Case Study: Dark Skies
In 2012 the North Pennines AONB Partnership started researching the possibility of getting locations in the North Pennines designated as official Dark Sky Discovery Sites (DSDS). For many years, our neighbours at Northumberland National Park and Kielder Water and Forest Park have increased their reputation as two of the best places in the UK for stargazing. We recognised that the North Pennines has dark night skies of a similar quality and greater recognition and promotion of this could benefit the visitor economy. Using our conservation trainees, who were funded via an HLF apprenticeship scheme, and working alongside Durham University and local astronomy groups, the AONB Partnership undertook dark sky quality monitoring to establish the darkest easily accessible places within our boundary. Once the research was concluded, applications for DSDS designation were made for five sites and in July 2013 the designation was made official.
What was done
- In July 2013, five locations in the North Pennines were officially recognised as being among the best places in the UK to watch the night skies.
- Our Dark Skies programme was financially supported from a Defra-funded collaboration between Protected Landscapes in the North East, Northern Lands, which financed various visitor economy-focused initiatives throughout the region.
- Since 2013, the five DSDS have now grown to 16 across all three counties of the North Pennines AONB: Cumbria, Northumberland and County Durham.
- We worked closely with accommodation providers to help them understand the benefits of Dark Sky Tourism by holding workshops and seminars.
- We produced marketing materials including a handy pocket-size Stargazing Guide and a leaflet with a map and basic, but valuable, information.
- We issued press releases and invited press to events.
- In 2014/2015 we carried out a dark sky quality survey of the North Pennines with the help of volunteers. It actually showed the area is dark enough to secure Dark Sky Reserve Status (a globally-recognised designation).
- With funding from The Science and Technologies Facilities Council (through its Public Engagement Award) we are continuing to host astronomy events throughout the North Pennines. During the 2015/2016 season all events were sold out.
- We commissioned a photographer (via other partners in the Northern Lands scheme) to take professional shots of the night skies in the North Pennines.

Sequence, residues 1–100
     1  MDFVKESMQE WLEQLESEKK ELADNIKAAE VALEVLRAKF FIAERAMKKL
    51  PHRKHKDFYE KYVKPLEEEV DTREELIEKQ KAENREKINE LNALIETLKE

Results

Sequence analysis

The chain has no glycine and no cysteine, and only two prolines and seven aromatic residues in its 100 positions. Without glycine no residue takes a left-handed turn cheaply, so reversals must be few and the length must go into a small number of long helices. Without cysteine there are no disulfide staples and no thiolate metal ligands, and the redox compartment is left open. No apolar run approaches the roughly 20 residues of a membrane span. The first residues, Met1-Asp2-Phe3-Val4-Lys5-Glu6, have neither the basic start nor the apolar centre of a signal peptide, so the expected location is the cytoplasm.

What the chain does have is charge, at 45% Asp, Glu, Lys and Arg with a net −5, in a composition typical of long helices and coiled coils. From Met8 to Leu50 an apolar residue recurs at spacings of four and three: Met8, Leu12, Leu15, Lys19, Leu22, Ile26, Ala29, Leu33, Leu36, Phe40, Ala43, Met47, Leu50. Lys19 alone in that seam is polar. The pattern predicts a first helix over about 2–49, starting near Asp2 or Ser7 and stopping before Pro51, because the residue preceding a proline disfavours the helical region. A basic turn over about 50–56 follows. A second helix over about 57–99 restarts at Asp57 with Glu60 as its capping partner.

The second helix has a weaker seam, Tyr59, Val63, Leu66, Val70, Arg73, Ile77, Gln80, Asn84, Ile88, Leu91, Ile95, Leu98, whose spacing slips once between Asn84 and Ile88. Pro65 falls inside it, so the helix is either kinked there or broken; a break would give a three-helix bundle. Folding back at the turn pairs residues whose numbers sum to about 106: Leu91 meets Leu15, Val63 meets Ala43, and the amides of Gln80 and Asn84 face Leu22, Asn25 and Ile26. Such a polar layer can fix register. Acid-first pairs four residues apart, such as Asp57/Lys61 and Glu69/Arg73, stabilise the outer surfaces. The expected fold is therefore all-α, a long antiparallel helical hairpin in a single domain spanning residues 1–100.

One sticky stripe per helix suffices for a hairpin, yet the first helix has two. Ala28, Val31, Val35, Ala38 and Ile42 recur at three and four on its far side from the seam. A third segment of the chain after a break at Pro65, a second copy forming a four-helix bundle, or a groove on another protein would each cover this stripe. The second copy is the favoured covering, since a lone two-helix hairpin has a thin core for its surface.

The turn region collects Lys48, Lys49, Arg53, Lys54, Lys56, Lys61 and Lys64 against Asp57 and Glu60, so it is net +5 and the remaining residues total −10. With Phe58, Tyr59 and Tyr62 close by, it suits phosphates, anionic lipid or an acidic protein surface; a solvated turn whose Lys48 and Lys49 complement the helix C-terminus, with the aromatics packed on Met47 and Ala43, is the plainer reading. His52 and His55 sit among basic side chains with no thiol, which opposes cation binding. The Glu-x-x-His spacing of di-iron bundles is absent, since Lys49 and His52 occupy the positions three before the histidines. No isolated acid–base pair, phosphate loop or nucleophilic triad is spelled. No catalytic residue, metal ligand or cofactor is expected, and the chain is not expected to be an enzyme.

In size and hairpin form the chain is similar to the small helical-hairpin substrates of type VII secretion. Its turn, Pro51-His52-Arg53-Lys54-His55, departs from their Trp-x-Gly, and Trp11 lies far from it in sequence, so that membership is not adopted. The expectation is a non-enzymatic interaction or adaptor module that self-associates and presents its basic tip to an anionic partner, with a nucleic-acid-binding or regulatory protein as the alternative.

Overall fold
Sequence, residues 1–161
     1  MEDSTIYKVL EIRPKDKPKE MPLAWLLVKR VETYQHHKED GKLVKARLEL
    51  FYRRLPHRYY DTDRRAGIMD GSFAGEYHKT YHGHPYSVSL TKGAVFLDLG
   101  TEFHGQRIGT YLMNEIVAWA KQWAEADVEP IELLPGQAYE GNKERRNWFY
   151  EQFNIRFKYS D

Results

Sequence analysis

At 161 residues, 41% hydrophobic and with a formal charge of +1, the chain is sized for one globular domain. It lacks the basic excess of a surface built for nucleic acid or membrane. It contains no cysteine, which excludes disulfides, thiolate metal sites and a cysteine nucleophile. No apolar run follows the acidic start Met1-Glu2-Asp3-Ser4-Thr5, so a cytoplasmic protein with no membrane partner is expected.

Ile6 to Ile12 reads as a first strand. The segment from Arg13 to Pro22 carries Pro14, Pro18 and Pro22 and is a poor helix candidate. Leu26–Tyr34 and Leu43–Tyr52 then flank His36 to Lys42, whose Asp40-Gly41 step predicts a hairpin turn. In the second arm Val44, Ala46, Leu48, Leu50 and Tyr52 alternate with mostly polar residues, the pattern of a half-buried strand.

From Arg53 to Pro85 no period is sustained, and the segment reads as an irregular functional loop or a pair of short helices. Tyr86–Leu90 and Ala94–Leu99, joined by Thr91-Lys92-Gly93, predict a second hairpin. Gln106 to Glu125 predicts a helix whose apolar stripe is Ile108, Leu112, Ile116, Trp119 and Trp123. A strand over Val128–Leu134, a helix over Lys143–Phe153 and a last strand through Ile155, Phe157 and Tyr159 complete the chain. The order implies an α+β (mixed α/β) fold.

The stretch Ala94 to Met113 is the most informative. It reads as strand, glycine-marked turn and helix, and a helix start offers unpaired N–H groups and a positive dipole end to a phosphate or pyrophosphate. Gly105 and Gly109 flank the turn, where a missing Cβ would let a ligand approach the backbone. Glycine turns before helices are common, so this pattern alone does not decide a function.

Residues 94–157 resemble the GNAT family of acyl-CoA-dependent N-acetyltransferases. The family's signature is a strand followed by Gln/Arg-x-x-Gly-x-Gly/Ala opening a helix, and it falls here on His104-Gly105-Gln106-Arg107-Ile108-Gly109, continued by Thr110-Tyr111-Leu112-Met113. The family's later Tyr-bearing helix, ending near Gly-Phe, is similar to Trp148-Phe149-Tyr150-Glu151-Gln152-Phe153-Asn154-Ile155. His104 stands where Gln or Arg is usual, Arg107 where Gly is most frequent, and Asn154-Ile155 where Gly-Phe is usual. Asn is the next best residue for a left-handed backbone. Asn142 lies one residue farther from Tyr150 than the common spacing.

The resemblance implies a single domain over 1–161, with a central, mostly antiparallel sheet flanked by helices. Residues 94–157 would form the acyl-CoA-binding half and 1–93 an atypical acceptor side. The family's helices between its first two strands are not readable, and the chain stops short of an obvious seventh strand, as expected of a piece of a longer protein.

- Through our Allen Valleys Landscape Partnership Scheme, the North Pennines AONB Partnership has created a ‘community observatory’. To create the design of the observatory, we ran a competition for architecture students from local universities. Working with a leading firm of Newcastle-based architects, we have turned the winning submission into reality.
- We designed ‘Starboxes’ which schools and community groups can hire (for free) to help them learn about the dark skies of the North Pennines.
We invested money in interpretation, way markers and stargazing accessories such as laser pointers, star spotting guides, red lights and Stellarscopes.
- A recent report by the CPRE, entitled Night Blight, has found:
- 86 per cent of the North Pennines skies are pristine
- The North Pennines is the darkest AONB on mainland England (only the Scilly Isles are darker)
- The North Pennines is darker than all but two of the English National Parks
- 40 per cent of all AONBs are in the darkest category
- A community observatory is being built in the North Pennines this autumn
- Tourism providers can use the DSDS as an additional pull for potential visitors
- Volunteers have been trained in dark sky quality monitoring
- Strong links have been forged with regional universities, astronomy groups etc.
- We are working with partners to further develop a new audience of visitors to the North Pennines
- The North Pennines has more Dark Sky Discovery Sites than any other destination in the UK
- A four-year programme of Dark Sky events that has been funded through the Science and Technology Council
- We are considering an application for Dark Sky Reserve status for the North Pennines
- Partnership working with landowners, astronomy groups and community organisation
- Relationship with volunteers who have turned out in all weathers to help us monitor the darkness of our night skies
- Good relationships with regional media who have been key in promoting our work and events
- Securing new and additional funding was essential to enable a programme of public events to back up the designation of sites and help to give the project more tangible outcomes.
- Shane Harris
North Pennines AONB Partnership
Quote from project manager:
“One of our primary special qualities is our dark night skies. This area of work has been all about widening their appeal to a diverse range of audiences to support the visitor economy.”
Quote from participant:
“We had a great time – the kids loved it. We all felt very welcome in the group, especially as the leaders took the time and effort to explain about their telescopes and what we could see.”
Key search words: North Pennines, stargazing, Dark Skies, Dark Sky Discovery Sites
Photo Credits: Dark skies above Rookhope Arch in Weardale (c) Cain Scrimgeour